Health sector perspectives

In the health sector, the idea that research should be ‘relevant’ is commonplace. Commitments to ‘knowledge translation’ and the ‘knowledge to action cycle’ [ 23 ] emphasise issues of relevance and provide considerable insight into approaches to ensuring research usability and use. At the same time, the health research community has given disproportionate attention to issues of research quality, with an emphasis on internal validity that may downplay external validity and suggest some tension between rigour and relevance. Thus, though the concept of relevance is of central importance to the health research enterprise, the failure to unpack it or explore it both theoretically and practically leaves room for misunderstanding and misapplication.

In the health sector, research relevance often arises as a practical question of the ‘fit’ between a body of knowledge or research approach and a specific field or issue (e.g. public health, primary healthcare, healthcare access, genomics, alternative healthcare, healthcare reform in rural areas). The results of two recent International Society for Pharmacoeconomics and Outcomes Research task forces take this approach. The task forces developed questionnaires to assess the relevance and credibility of research other than randomised controlled trials (e.g. observational research, meta-network analysis) to inform healthcare decision-making [ 24 , 25 ]. Both make similar observations about relevance, reinforcing the subjectivist approach noted earlier, and can be summarised by the following statement by Berger et al. [ 24 ]:

“ Relevance addresses whether the results of the study/apply [sic] to the setting of interest to the decision maker. It addresses issues of external validity similar to the population, interventions, comparators, outcomes, and setting framework from evidence based medicine. There is no correct answer for relevance. Relevance is determined by each decision maker, and the relevance assessment determined by one decision maker will not necessarily apply to other decision makers. Individual studies may be designed with the perspective of particular decision makers in mind (e.g. payer or provider) ” (p.148, emphasis added).

Research relevance in health is also noted in discussion and debate regarding the value of qualitative research relative to the more established forms of quantitative health research. For example, Mays and Pope [ 26 ] suggest that qualitative research can be assessed “… by two broad criteria: validity and relevance ”. Their further discussion provides some insight into the several ways that research might be relevant, suggesting that:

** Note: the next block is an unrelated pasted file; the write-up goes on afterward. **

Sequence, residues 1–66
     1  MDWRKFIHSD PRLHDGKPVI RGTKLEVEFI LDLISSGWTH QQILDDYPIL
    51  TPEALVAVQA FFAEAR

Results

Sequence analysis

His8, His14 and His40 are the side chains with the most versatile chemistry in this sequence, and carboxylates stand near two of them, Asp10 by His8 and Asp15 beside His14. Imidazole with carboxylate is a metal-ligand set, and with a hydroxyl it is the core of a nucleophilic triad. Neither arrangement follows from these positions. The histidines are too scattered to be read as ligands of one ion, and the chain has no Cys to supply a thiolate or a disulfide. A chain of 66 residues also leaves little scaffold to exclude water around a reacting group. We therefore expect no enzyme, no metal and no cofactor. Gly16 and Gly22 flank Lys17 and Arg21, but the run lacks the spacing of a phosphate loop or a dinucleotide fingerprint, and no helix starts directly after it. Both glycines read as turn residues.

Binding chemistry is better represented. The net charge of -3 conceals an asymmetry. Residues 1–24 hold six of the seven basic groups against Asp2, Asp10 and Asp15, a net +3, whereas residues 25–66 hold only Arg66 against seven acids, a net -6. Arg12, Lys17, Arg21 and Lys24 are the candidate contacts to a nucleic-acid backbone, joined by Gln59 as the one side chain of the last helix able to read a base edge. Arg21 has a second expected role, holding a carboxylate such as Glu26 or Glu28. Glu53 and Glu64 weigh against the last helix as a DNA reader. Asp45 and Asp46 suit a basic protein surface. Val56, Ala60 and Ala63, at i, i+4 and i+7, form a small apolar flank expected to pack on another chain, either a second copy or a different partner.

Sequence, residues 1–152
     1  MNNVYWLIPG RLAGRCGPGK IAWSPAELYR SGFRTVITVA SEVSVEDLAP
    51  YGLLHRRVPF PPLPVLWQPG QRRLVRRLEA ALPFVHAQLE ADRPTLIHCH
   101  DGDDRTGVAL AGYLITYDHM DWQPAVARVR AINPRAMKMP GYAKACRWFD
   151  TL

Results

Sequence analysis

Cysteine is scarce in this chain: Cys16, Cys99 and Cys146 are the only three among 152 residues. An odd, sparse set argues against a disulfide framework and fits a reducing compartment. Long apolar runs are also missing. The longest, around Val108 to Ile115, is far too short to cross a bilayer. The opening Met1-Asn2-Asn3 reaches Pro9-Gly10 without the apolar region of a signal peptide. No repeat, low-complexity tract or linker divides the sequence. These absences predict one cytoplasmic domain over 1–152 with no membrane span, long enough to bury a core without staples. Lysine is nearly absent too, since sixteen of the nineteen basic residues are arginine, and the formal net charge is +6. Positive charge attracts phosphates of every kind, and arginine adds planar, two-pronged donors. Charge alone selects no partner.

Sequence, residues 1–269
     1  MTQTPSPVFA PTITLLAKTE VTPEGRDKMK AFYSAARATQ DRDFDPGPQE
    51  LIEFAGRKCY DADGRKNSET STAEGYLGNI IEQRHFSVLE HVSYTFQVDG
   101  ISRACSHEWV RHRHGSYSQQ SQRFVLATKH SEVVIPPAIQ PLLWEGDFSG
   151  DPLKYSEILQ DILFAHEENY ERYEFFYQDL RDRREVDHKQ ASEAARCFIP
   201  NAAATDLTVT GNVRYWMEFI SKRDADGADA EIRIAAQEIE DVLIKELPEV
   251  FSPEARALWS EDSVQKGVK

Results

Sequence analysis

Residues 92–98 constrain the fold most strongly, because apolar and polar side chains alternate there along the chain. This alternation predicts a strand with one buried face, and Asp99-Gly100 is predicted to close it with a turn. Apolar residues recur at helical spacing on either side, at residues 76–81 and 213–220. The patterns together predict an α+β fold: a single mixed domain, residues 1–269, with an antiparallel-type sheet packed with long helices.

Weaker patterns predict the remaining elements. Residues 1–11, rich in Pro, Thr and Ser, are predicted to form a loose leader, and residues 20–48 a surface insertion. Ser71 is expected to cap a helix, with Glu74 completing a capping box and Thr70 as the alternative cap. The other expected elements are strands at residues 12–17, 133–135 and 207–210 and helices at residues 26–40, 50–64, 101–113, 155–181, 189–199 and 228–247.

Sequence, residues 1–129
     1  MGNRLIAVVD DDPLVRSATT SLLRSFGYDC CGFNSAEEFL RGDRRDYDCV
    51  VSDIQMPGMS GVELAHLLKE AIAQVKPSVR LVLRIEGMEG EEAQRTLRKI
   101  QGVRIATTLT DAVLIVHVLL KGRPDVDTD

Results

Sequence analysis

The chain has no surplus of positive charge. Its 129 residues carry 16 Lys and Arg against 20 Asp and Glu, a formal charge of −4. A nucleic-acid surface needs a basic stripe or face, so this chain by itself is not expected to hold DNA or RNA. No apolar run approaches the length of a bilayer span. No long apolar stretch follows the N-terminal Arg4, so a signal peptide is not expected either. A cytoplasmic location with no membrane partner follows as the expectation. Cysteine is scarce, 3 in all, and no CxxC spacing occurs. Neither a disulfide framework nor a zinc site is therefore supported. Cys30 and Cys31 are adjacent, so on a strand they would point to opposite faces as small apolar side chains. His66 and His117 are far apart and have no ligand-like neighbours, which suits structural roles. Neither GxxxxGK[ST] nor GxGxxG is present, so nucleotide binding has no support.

“[r] esearch can be relevant when it either adds to knowledge or increases the confidence with which existing knowledge is regarded. Another important dimension of relevance is the extent to which findings can be generalised beyond the setting in which they were generated ” [ 27 ].

The work of Mays and Pope positions research relevance amidst the longstanding tension between internal and external validity. This tension reflects opposing foci on internal validity as the quality/rigour of research methodology and external validity as the applicability/transferability of research to other settings or contexts. While external validity is not the only measure of relevance – as research may remain relevant to some contexts even when not generalisable to others – it is an important component, and one that has not always attracted sufficient attention. For example, the Canadian health research community has focused considerable practical attention on internal validity as a critical component of evidence for clinical and health policy decisions. Evidence-based medicine, the Cochrane Collaboration, the Canadian and United States task forces on preventive healthcare/services and a long list of aligned groups have developed and established many tools to assess the quality of research evidence (e.g. GRADE [ 28 ]), with a predominant focus on issues of internal validity, and an emphasis on evidence hierarchies that is sometimes seen to be incompatible with ‘real world’ relevance. The relative lack of similar approaches or tools that focus on external validity in health research is notable, though movements to marshal evidence in support of sound public policy, such as the Campbell Collaboration, have attended to issues of external validity in other areas of health and social policy [ 29 ]. Further, there are emerging approaches and tools for documenting the external validity of health research and facilitating its use [ 30 ]. For example, WHO has supported the development of workbooks to contextualise health systems guidance for different contexts [ 31 ] and the field of local applicability and transferability of research has emerged to facilitate the adaptation of interventions from one setting to another, including the development of some well-documented tools like RE-AIM [ 32 ].

Alongside these emerging approaches and tools sits the established field of KT. KT has a strong history in Canada with a distinctive feature being a reliance on stakeholder engagement to support a commitment to improve research relevance. For example, the AIHS framework relies heavily on KT and stakeholder engagement approaches as part of its RIA, describing the mobilisation of knowledge through “ …a process of interactions, feedback, and engagement using a variety of mechanisms (e.g. collaborations, partnerships, networks, knowledge brokering) with relevant target audiences (i.e. actors and performers) across the health sector ” ([ 8 ] p. 362). Experience in stakeholder engagement, particularly with clinical, management and policy decision-makers, has become fairly extensive and there is now increased attention on engaging patients as core stakeholders in health research. If relevance is truly subjective, then KT efforts (including engagement, dissemination, promotion, communication) would appear to represent reasonable approaches for articulating, conveying and improving research relevance. However, if there are underlying elements of relevance that are more universal, then there is a risk that KT efforts – and subjectivist approaches to ensuring relevance – are akin to commercial marketing or communication strategies where the aim is to ‘sell’ more product and/or generate more influence that may not align with a more objective lens.